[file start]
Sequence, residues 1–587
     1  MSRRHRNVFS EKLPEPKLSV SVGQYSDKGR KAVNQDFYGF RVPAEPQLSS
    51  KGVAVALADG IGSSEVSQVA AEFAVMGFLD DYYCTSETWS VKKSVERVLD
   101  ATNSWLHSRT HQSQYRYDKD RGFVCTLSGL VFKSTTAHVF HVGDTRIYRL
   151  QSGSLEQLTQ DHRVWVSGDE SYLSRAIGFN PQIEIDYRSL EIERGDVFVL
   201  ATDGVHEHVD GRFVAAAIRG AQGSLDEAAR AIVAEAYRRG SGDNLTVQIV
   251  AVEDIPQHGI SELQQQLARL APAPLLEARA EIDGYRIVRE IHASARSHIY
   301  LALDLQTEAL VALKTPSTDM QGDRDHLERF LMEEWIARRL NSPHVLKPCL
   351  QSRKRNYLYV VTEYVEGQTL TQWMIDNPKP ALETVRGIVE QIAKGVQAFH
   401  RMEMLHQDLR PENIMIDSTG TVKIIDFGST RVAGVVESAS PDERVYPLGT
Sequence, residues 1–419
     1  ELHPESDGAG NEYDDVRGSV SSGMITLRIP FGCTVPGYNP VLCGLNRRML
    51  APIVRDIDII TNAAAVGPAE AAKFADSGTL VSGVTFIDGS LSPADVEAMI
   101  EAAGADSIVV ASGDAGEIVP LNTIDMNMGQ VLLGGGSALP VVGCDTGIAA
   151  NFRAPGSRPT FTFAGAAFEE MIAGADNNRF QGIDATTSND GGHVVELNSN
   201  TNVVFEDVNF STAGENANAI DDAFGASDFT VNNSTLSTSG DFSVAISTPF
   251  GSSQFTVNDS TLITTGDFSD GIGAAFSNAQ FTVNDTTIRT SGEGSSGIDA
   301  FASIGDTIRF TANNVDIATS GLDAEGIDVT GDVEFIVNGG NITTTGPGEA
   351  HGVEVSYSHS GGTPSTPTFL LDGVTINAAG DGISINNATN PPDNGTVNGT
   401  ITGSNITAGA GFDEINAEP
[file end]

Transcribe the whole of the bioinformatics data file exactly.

Sequence, residues 1–587
     1  MSRRHRNVFS EKLPEPKLSV SVGQYSDKGR KAVNQDFYGF RVPAEPQLSS
    51  KGVAVALADG IGSSEVSQVA AEFAVMGFLD DYYCTSETWS VKKSVERVLD
   101  ATNSWLHSRT HQSQYRYDKD RGFVCTLSGL VFKSTTAHVF HVGDTRIYRL
   151  QSGSLEQLTQ DHRVWVSGDE SYLSRAIGFN PQIEIDYRSL EIERGDVFVL
   201  ATDGVHEHVD GRFVAAAIRG AQGSLDEAAR AIVAEAYRRG SGDNLTVQIV
   251  AVEDIPQHGI SELQQQLARL APAPLLEARA EIDGYRIVRE IHASARSHIY
   301  LALDLQTEAL VALKTPSTDM QGDRDHLERF LMEEWIARRL NSPHVLKPCL
   351  QSRKRNYLYV VTEYVEGQTL TQWMIDNPKP ALETVRGIVE QIAKGVQAFH
   401  RMEMLHQDLR PENIMIDSTG TVKIIDFGST RVAGVVESAS PDERVYPLGT
Sequence, residues 1–419
     1  ELHPESDGAG NEYDDVRGSV SSGMITLRIP FGCTVPGYNP VLCGLNRRML
    51  APIVRDIDII TNAAAVGPAE AAKFADSGTL VSGVTFIDGS LSPADVEAMI
   101  EAAGADSIVV ASGDAGEIVP LNTIDMNMGQ VLLGGGSALP VVGCDTGIAA
   151  NFRAPGSRPT FTFAGAAFEE MIAGADNNRF QGIDATTSND GGHVVELNSN
   201  TNVVFEDVNF STAGENANAI DDAFGASDFT VNNSTLSTSG DFSVAISTPF
   251  GSSQFTVNDS TLITTGDFSD GIGAAFSNAQ FTVNDTTIRT SGEGSSGIDA
   301  FASIGDTIRF TANNVDIATS GLDAEGIDVT GDVEFIVNGG NITTTGPGEA
   351  HGVEVSYSHS GGTPSTPTFL LDGVTINAAG DGISINNATN PPDNGTVNGT
   401  ITGSNITAGA GFDEINAEP